Tim Sherwood's full-time appointment as Tottenham Hotspur manager in December was carefully announced by the club.
Confirmation that Sherwood had been handed a contract until the end of 2014-15 went some way to stopping complications that would have come with an interim mandate until the end of the current campaign. The kind that unsettled Rafael Benitez during his eventful tenure at Chelsea last year.
Chairman, Daniel Levy's statement on Tottenham's official website backed Sherwood, describing him as having "both the knowledge and the drive to take the squad forward." There was, however, no talk of the "long-term ambitions" which Levy greeted the Andre Villas-Boas appointment in June 2012, as reported via BBC Sport.
Just what the club's hierarchy has in mind for Sherwood as 2013-14 concludes is unclear. An article by Matt Law in last Saturday's Daily Telegraph had the 45-year-old as part of discussions over next season's squad but also mentioned Louis van Gaal as "the most likely appointment" if a change occurred.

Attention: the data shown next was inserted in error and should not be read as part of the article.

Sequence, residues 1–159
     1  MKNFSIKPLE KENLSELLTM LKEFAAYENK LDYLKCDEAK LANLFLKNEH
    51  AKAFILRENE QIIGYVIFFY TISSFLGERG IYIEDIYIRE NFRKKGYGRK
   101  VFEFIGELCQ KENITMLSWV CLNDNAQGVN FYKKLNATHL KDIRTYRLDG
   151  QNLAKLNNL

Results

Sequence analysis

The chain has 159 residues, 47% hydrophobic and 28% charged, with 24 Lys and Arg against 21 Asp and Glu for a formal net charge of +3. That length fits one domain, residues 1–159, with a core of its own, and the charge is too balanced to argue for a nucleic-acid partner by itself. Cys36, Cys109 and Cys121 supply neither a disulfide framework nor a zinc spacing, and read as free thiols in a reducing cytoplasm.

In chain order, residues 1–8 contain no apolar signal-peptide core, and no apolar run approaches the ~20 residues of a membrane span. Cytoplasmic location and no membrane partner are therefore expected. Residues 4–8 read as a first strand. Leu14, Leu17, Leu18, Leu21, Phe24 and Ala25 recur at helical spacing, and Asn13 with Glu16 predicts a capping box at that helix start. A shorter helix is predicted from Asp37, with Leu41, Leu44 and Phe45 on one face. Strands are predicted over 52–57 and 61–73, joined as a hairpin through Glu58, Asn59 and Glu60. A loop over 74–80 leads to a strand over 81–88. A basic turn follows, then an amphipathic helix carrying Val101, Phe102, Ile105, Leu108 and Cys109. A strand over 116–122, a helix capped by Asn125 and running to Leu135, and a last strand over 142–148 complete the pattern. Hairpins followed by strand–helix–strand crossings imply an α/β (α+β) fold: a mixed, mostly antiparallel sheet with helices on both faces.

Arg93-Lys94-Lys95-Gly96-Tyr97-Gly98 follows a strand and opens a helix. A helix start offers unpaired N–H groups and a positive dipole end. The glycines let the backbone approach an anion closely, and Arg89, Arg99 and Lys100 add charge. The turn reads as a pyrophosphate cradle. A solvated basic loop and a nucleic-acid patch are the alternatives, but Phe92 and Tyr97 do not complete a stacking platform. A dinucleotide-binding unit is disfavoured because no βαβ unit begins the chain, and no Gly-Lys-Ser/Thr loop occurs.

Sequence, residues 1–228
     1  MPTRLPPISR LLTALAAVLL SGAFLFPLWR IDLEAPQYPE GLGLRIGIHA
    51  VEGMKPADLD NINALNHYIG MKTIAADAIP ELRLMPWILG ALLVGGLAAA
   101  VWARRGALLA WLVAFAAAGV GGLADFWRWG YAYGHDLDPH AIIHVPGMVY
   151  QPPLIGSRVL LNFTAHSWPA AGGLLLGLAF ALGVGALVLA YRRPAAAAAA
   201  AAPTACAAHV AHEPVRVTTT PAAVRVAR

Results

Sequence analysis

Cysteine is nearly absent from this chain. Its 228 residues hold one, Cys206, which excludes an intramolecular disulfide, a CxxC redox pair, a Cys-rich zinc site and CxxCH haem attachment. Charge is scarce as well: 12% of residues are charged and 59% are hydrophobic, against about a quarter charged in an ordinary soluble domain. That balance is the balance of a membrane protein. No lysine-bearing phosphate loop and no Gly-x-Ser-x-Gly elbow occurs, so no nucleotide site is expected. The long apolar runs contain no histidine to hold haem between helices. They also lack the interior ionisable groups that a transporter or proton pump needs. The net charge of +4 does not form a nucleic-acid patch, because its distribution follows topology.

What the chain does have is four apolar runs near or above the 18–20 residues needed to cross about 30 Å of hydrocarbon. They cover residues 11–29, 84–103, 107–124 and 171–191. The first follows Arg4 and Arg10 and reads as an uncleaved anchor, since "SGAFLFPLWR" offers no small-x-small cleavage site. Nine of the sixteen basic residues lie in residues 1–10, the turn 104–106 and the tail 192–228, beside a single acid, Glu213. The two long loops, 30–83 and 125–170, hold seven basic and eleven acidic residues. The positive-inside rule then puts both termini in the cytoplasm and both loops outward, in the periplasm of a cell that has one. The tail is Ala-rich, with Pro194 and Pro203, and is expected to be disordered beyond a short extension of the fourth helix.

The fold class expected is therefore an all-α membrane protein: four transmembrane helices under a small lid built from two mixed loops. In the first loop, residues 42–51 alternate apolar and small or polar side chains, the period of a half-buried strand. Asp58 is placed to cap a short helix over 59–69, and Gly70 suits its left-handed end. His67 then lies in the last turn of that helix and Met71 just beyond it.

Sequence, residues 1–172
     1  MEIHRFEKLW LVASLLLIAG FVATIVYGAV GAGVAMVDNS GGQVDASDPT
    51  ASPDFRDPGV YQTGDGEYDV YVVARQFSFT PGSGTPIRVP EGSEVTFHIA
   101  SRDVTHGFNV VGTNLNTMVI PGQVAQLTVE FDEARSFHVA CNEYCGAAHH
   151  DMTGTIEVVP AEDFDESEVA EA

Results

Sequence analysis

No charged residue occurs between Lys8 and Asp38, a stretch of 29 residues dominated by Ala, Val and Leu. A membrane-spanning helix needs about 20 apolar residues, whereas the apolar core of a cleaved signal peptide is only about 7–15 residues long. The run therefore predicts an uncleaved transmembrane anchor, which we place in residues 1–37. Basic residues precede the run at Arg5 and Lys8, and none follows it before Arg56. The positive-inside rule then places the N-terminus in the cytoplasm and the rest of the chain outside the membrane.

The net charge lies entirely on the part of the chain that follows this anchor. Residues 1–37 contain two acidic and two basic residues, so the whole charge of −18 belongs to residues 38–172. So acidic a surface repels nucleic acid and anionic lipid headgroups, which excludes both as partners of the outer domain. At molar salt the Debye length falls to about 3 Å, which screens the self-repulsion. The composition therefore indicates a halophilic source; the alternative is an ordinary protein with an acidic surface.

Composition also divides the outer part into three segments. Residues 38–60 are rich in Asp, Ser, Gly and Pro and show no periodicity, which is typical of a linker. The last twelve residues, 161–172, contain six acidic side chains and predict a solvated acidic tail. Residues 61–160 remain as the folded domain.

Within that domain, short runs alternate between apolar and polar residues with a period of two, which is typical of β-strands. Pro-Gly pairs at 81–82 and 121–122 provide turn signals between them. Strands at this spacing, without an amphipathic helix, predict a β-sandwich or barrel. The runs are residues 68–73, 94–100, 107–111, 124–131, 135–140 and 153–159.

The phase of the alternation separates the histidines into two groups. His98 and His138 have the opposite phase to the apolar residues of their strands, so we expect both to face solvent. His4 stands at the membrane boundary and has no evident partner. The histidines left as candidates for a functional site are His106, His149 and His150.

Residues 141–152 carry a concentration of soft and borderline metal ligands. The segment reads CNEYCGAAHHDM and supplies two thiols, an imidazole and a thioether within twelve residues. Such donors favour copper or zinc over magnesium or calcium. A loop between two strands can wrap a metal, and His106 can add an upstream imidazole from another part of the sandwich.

The building process has to start in pre-season. Liverpool took a step back to move forwards. It requires patience. Whether Spurs want to do that I don't know. Whether they want me to be the person to do it remains to be seen.
It appears Sherwood has not been offered any guarantees over his future, but perhaps Levy and Co. are privately satisfied with his work. If there is still room for the coach to prove himself, what does he need to improve his chances of remaining in charge at Spurs?
Over the following few pages, a five-point plan for the current boss to keep his job is laid out. None of the suggestions are especially revelatory but are musts if he wants to remain at White Hart Lane in his current capacity.